Cost of Cybercrime in U.S. Reaches $12.7 Million per Organization
The number of cyber attacks per week surged by 176 percent over the past five years, according to the Ponemon Institute.
According to the 2014 Cost of Cyber Crime Study, the average annualized cost of cybercrime has reached $12.7 million in the U.S., a 96 percent increase since the study was launched five years ago.
The study, conducted by the Ponemon Institute and sponsored by HP Enterprise Security, also found that the time it takes to resolve a cyber attack in the U.S. has increased from 32 days five years ago to 45 days days today, an increase of 33 percent.
U.S. organizations experienced a 176 percent increase in the number of cyber attacks over the past five years, with a current average of 138 successful attacks per week, up from 50 attacks per week five years ago.
"Business disruption, information loss and the time it takes to detect a breach collectively represented the highest cost to organizations experiencing a breach," Ponemon Institute founder Dr. Larry Ponemon said in a statement.
The most costly cybercrimes in the U.S., according to the study, are caused by denial of service attacks, malicious insiders, and malicious code, which together account for more than 55 percent of all cybercrime costs per organization on an annual basis.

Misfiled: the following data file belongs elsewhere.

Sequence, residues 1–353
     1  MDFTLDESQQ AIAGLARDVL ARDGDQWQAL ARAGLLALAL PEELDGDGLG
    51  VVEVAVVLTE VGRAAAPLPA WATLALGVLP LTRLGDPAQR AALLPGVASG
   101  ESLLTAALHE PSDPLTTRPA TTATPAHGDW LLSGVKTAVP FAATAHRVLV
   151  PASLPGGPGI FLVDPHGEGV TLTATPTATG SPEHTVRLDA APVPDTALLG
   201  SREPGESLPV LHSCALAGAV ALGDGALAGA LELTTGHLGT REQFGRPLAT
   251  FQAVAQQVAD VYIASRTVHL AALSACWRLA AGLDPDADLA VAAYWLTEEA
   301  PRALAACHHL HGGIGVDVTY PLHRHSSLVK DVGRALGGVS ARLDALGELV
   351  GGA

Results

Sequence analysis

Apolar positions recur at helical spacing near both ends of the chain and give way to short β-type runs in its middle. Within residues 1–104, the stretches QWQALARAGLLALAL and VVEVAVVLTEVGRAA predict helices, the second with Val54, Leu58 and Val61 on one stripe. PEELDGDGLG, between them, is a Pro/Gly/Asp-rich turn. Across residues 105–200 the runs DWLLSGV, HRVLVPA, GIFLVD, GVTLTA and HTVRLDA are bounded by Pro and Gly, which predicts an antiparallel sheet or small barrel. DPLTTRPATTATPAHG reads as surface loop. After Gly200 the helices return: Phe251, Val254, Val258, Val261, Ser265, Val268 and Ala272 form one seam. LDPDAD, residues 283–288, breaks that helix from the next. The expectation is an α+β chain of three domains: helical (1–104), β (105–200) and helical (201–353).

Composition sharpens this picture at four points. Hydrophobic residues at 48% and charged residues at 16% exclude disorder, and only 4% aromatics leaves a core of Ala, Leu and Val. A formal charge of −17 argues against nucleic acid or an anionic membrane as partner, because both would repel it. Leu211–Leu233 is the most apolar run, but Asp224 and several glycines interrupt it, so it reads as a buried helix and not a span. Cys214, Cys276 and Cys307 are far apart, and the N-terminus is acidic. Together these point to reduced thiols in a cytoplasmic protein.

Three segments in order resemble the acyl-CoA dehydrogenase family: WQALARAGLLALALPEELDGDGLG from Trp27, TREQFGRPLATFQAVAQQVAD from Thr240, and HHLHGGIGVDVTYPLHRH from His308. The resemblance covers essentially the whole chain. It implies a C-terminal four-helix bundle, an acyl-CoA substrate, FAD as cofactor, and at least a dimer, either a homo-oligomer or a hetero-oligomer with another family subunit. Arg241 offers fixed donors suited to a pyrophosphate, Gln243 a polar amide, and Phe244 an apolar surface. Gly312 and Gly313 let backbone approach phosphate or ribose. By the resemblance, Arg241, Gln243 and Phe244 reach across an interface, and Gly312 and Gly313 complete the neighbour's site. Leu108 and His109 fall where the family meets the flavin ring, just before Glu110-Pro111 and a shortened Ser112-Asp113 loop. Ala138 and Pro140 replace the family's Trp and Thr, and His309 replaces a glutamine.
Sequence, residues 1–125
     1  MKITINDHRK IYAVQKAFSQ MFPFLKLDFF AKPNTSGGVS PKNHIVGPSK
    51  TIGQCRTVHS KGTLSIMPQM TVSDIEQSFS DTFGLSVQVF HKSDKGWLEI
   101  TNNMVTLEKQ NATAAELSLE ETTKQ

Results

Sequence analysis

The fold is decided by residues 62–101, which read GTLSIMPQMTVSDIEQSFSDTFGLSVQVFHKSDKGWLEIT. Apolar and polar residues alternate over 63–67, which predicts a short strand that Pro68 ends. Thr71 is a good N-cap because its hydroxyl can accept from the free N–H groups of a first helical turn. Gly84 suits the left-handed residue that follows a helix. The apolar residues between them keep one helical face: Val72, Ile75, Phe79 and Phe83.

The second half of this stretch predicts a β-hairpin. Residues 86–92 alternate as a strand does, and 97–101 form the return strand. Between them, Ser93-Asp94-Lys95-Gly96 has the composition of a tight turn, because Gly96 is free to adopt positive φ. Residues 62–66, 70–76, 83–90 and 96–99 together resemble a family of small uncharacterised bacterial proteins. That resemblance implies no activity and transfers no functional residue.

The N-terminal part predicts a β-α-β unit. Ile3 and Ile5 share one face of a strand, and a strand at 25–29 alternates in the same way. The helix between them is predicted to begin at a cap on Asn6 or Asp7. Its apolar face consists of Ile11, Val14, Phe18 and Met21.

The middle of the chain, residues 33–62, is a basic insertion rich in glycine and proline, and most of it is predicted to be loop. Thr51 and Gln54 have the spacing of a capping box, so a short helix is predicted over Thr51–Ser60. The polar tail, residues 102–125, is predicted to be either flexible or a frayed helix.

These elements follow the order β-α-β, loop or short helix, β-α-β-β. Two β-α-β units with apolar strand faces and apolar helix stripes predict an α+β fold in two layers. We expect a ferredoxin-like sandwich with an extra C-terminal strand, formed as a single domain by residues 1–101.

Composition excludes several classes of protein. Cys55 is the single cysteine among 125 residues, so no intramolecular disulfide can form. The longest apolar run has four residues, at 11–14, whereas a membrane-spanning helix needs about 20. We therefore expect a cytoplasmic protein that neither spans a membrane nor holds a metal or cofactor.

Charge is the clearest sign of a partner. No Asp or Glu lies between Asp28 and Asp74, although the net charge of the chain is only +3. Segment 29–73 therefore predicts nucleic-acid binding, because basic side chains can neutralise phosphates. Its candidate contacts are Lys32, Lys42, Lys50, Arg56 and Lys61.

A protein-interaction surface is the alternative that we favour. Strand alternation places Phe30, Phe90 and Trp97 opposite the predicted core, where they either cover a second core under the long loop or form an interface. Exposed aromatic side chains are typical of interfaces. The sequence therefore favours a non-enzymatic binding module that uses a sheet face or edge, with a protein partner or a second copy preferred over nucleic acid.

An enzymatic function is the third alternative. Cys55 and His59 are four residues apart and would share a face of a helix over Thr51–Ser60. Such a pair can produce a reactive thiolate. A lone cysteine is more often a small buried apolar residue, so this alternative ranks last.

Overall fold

"Adversaries only need to be successful once to gain access to your data, while their targets must be successful every time to stop the barrage of attacks their organizations face each day," Art Gilliland, senior vice president and general manager for Enterprise Security Products at HP, said in a statement.
According to the study, advanced security intelligence solutions such as security information and event management (SIEM) tools, intrusion prevention systems (IPS) with reputation feeds, network intelligence systems and big data analytics can help organizations detect and contain attacks, reducing the annualized cost of cybercrime.
Organizations that deployed a SIEM solution saved an average of $5.3 million per year due to their increased efficiency in detecting and containing cyber attacks, the study found.
"No amount of investment can completely protect organizations from highly sophisticated cyber attacks, but improving and prioritizing your organization's ability to disrupt the adversary with actionable intelligence solutions such as SIEM can significantly improve attack containment and reduce the overall financial impact," Gilliland added.
"Cybercrime is a tax on innovation and slows the pace of global innovation by reducing the rate of return to innovators and investors," CSIS senior fellow Jim Lewis said at the time.
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